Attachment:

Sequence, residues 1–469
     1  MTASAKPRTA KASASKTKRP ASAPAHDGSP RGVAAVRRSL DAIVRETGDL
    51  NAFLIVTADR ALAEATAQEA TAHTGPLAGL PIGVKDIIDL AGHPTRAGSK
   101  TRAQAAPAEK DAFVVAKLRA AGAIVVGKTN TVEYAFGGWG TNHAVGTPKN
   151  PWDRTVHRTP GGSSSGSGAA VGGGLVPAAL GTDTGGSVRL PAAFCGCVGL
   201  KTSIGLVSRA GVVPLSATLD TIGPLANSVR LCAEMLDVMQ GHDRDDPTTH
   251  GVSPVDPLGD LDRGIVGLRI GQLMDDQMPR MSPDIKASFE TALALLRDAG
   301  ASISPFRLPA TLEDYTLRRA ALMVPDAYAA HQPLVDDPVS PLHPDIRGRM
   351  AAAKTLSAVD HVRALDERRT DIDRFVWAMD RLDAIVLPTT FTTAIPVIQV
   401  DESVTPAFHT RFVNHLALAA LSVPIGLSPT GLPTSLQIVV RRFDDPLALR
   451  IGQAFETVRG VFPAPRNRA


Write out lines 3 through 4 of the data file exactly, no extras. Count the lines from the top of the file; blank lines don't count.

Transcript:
    51  NAFLIVTADR ALAEATAQEA TAHTGPLAGL PIGVKDIIDL AGHPTRAGSK
   101  TRAQAAPAEK DAFVVAKLRA AGAIVVGKTN TVEYAFGGWG TNHAVGTPKN